Over the course of the 20th century, shipbuilding was the focus of many photography and film project, including feature films, trade documentaries aimed at promoting the industry, and campaing films that tried to save the shipyards from closure. Here we have included links to some films and photography projects that are available online.
This essay by historican Hugh Murphy gives a contextual overview of British shipbuilding and film.
British Shipbuilding on Film is an extensive collection of films from around the UK. Some are available to watch free. The collection has also been curated into the DVD collection Tales from the Shipyard that can be odered from the BFI website.
Located at Teeside University, NEFA has an extensive collection of archival films, including professional and amateur footage.
Tyneside Story (1944) is a dramatisation of the re-opening of Tyneside shipyards at the start of the Second World War after being closed during the depression.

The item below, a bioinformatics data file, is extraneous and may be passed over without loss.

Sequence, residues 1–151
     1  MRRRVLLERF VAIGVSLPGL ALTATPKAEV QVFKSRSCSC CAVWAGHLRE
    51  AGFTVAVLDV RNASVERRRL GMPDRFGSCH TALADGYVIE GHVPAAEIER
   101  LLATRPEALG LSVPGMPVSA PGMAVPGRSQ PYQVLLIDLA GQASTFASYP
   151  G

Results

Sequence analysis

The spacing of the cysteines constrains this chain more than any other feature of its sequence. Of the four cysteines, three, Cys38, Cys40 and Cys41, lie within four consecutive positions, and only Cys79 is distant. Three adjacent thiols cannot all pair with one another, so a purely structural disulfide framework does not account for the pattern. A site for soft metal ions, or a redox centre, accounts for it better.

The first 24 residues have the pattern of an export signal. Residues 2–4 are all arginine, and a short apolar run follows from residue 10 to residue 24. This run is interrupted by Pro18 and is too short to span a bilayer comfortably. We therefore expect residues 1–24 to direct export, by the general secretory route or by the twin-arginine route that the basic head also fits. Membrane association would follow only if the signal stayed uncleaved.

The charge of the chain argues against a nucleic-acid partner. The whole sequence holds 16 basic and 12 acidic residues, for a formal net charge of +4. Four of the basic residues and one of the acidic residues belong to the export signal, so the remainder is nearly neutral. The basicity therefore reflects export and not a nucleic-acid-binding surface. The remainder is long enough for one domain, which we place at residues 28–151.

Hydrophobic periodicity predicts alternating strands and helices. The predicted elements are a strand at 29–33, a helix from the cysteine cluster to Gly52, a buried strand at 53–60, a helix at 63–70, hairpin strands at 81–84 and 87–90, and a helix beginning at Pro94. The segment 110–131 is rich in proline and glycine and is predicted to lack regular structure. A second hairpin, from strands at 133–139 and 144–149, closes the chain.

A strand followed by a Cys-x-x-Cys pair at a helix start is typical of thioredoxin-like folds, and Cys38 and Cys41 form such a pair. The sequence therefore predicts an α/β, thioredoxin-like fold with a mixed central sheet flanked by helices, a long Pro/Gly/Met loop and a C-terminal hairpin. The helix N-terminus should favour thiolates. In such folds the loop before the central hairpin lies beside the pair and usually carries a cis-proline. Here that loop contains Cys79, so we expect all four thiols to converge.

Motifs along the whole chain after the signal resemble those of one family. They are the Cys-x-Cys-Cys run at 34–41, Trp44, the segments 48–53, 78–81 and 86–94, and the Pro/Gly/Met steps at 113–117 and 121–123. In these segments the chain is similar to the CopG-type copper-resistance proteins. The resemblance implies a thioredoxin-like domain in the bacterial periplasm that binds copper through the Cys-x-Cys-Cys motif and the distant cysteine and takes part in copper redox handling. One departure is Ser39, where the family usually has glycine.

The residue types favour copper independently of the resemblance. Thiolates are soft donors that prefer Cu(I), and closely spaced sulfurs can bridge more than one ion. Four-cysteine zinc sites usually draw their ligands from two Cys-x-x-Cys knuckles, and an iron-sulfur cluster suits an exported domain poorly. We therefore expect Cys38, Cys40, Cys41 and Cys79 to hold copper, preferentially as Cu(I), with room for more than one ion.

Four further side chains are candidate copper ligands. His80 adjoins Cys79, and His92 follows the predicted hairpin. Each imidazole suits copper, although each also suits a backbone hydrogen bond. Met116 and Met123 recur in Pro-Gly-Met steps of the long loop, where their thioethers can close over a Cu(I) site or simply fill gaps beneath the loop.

A Ship There Was (1952) is a docu-drama produced for the National Savings Committee. It tells the fictional story of a shipyard worker who is convinced to give up his own dreams to use his savings for his son's education. The film includes footage of the Ocean Monarch, built at Vickers Armstrong in Newcastle, 1951.
Four launch films are available to watch online, made between 1957 to 1966, each commissioned as promotional material. As well as giving a sense of the buzz and excitement of a launch, they give an insight into the way the events were organised, with a clear social division between workers and ship owners.
Full Ahead (1965) is a promotional film about the modernised Austin & Pickergill ship 'factory' in Southwick, Sunderland.
River Work (1975) is an 'impressionistic record from dawn till dusk of the sights and sounds of working life on the River Tees', made by students at Teesside College of Art.
Amber is a Newcastle-based film and photographys collective that has been documenting the lives of working people in the North East of England since the late 1960s. They have a permanent exhibition space at Side Gallery, Side Street, Newcastle, which includes desktop computers to view the digital archive.
Three of their films may be of particular interest:
Amber also has some important photograph collections.
TWAM has digitised many of their archival photographs and made them available through photo-sharing site Flickr. The full list of albums is available here.